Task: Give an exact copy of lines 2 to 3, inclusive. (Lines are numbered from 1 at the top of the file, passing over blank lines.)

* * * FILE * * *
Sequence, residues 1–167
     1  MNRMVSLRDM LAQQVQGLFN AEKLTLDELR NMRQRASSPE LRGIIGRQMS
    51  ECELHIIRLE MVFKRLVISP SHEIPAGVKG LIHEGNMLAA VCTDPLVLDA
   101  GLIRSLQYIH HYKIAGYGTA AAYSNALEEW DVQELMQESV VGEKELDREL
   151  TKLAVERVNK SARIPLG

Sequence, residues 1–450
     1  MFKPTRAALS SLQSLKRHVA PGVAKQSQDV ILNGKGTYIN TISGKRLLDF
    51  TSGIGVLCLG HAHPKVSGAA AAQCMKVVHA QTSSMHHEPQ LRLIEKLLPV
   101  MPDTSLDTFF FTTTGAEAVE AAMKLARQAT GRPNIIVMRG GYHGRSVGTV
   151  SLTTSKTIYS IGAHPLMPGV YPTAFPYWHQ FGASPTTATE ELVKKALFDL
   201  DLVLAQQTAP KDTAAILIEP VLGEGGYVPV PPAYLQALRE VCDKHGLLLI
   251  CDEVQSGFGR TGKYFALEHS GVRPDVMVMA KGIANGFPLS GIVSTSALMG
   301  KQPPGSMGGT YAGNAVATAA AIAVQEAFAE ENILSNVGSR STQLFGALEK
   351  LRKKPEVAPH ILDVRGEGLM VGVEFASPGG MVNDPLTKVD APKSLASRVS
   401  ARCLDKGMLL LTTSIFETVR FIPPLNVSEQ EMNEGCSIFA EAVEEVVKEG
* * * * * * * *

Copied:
     1  MNRMVSLRDM LAQQVQGLFN AEKLTLDELR NMRQRASSPE LRGIIGRQMS
    51  ECELHIIRLE MVFKRLVISP SHEIPAGVKG LIHEGNMLAA VCTDPLVLDA